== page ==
Prosecutors Wanted Defense to Help Convict Jackson? – MJEOL Bullet #213 Did you know that prosecutors in the Michael Jackson “case” actually asked the defense to give them any incriminating evidence they thought the defense had against Jackson? No, that’s not a typo or a misunderstanding. It’s called a Sanchez motion and it was filed almost a year after police ransacked Jackson’s Neverland Ranch. The motion was denied, of course, but it brought up another issue about whether prosecutors are desperate enough to even claim the defense has an obligation to give them “inculpatory evidence.” For the record, inculpatory evidence (incriminating) is the opposite of exculpatory evidence (showing innocence). But the real problem is that there looks to be no incriminating evidence and prosecutors can’t find any. Not even after their over 100 search warrants. Yeah, there have been over 100 search warrants issued in this “case”. So they actually asked Judge Melville to make the defense give them some imagined incriminating evidence. Prosecutor Gerald Franklin—who is currently being sued, along with Sneddon and others, in federal court for $10M by attorney Gary Dunlap—writes that he is “certain the defense has possession of relevant and potentially inculpatory evidence which they have not tendered to the court.” Yes, he’s actually serious. The logic is that they claim Jackson is guilty and they “know” there is incriminating evidence. But since they can’t find any, they think the defense must have it. This seems nothing more than an ass-backwards guess on the prosecution’s part. Normally, you have all of your evidence long before a few months before trial. And certainly there should be more than just the accuser’s word almost a year after someone’s home has been raided. But, as mentioned earlier, there has been 100+ search warrants issued; a ridiculous amount to be sure. But the question is what don’t prosecutors have at this late date that they think the defense could give them? Evidence, perhaps? Some observers of the “case” say that this was a “hail mary” motion to begin with. While other observers have flat-out said it’s “pathetic” that prosecutors are asking the defense to help them convict Jackson. It wouldn’t have been more laughable if prosecutors had actually said ‘could you cut us some slack’ in the motion. Still other observers who have read the prosecution’s motion are skeptical as to whether or not they have a case. From media reports through sources, it was learned that there was no physical evidence whatsoever against Jackson. As reported, prosecutors took Jackson’s mattress to DNA testing and there was no DNA from the accuser on the mattress. There are many signs here that are very telling concerning what prosecutors want versus what they may have, if anything, against Jackson. They are just now asking the defense for information. However, the defense has recently filed motions to get info from prosecutors. Last time we checked in the court filings, the defense was still waiting on prosecutors to hand over all the full and complete search warrants they have taken out concerning this “case”. Thus, the problem is how in the world does the defense know what they are going to use at trial, and what they should turn over to prosecutors, if the prosecution still has not given them complete information. For all the prosecution’s posturing concerning the 1993 investigation alone, it would seem prosecutors don’t want the defense to crack open that “case” and shake out the people that profited from it. In response to the prosecution’s Sanchez Motion, the defense says:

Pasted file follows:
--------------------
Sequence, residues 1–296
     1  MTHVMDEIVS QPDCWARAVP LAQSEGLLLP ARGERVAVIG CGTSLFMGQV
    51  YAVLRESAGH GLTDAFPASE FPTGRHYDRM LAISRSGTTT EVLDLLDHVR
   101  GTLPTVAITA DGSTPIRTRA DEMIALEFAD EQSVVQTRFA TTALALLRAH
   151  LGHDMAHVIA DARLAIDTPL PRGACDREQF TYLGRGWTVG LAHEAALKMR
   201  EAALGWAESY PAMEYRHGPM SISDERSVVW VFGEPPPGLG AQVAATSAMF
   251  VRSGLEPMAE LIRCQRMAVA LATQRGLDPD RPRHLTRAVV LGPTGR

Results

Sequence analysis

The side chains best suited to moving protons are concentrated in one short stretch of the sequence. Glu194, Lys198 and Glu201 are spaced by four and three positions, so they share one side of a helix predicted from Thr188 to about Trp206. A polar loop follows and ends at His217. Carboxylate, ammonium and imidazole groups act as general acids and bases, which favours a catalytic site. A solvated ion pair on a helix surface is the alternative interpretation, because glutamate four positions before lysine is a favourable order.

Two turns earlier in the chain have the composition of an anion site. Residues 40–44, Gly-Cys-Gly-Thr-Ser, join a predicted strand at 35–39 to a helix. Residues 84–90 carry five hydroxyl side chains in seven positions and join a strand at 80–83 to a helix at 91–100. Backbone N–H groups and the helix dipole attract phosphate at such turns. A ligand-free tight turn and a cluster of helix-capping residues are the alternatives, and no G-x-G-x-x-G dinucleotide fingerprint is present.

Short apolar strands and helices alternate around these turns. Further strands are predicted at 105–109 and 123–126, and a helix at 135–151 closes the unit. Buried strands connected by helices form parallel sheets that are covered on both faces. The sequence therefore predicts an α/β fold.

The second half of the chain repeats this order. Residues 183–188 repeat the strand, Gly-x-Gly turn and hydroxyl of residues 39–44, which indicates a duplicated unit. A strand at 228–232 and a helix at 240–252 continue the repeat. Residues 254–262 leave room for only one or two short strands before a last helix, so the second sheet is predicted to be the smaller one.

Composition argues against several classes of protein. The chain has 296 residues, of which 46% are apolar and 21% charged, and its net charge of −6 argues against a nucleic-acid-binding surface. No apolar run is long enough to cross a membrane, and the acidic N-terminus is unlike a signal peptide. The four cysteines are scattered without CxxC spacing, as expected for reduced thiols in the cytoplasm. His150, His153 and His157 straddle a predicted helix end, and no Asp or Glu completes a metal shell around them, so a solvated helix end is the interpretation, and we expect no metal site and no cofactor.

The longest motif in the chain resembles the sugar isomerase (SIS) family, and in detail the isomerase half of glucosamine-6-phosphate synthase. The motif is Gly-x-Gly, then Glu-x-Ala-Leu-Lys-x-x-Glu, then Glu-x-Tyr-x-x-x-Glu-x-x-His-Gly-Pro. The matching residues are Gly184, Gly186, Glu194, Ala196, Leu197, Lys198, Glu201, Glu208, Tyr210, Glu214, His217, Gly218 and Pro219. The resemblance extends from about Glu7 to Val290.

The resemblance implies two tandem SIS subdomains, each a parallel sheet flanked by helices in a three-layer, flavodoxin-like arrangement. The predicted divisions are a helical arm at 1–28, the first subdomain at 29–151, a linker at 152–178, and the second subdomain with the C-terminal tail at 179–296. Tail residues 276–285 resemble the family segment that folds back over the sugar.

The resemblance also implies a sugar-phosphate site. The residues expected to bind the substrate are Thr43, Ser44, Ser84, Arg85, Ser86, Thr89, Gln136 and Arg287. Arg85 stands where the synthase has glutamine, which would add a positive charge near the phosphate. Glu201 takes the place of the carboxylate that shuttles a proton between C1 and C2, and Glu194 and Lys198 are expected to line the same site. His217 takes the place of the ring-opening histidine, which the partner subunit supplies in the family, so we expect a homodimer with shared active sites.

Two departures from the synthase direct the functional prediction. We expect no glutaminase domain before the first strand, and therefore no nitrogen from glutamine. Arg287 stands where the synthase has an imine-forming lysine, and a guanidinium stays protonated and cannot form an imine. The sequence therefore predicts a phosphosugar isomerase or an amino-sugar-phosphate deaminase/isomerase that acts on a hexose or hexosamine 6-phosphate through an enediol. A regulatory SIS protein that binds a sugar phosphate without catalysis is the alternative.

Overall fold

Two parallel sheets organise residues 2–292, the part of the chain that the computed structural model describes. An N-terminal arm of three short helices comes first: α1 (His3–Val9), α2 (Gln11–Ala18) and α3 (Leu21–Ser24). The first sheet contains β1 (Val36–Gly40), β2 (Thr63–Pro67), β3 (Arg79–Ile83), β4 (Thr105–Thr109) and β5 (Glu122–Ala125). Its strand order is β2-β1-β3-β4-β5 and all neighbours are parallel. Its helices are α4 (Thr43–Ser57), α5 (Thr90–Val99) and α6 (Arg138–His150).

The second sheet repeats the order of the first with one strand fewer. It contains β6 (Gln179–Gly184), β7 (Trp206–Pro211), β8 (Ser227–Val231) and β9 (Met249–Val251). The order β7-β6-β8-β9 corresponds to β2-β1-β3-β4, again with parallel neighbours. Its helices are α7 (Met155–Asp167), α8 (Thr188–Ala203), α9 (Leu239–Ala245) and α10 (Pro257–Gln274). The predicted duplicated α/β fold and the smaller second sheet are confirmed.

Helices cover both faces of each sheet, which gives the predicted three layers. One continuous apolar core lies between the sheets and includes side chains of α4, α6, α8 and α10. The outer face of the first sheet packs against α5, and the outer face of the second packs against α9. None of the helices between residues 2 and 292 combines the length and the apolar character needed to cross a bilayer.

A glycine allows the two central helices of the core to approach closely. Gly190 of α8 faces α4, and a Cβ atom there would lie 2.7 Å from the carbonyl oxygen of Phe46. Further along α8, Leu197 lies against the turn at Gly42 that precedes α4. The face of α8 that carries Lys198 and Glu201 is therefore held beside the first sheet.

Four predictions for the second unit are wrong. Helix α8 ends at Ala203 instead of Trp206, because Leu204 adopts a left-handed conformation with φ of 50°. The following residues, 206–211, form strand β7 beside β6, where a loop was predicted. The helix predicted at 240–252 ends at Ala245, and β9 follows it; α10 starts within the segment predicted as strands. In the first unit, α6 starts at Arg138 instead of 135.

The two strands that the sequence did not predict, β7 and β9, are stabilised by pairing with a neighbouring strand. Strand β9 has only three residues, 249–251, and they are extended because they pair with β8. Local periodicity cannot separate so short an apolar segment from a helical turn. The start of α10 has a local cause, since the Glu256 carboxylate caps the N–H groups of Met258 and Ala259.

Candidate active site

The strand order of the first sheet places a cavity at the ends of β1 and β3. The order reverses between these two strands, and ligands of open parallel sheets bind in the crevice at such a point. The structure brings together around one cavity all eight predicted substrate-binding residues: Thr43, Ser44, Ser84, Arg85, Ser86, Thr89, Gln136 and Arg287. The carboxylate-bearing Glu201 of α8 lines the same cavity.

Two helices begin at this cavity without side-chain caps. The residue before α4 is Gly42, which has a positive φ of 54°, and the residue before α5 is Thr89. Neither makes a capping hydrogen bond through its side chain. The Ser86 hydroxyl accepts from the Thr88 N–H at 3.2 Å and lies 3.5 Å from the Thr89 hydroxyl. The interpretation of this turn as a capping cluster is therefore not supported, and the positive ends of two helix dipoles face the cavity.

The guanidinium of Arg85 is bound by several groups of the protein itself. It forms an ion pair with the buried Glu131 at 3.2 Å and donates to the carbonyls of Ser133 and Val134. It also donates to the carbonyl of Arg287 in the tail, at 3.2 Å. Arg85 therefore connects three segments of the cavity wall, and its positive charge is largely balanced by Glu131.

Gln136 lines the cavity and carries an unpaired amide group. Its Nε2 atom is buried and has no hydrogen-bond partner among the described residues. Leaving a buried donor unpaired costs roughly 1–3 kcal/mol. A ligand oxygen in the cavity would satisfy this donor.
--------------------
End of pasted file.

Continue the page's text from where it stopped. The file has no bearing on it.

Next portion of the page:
The prosecution is attempting to circumvent Mr. Jackson’s rights under the Fifth, Sixth and Fourteenth Amendments to the United States Constitution and California’s law by asserting that Sanchez requires a defendant and his counsel to assist the prosecution in their efforts to convict him. (see Defense’s Opposition to the Prosecution’s Sanchez Motionpg 4| pg 5 of .pdf)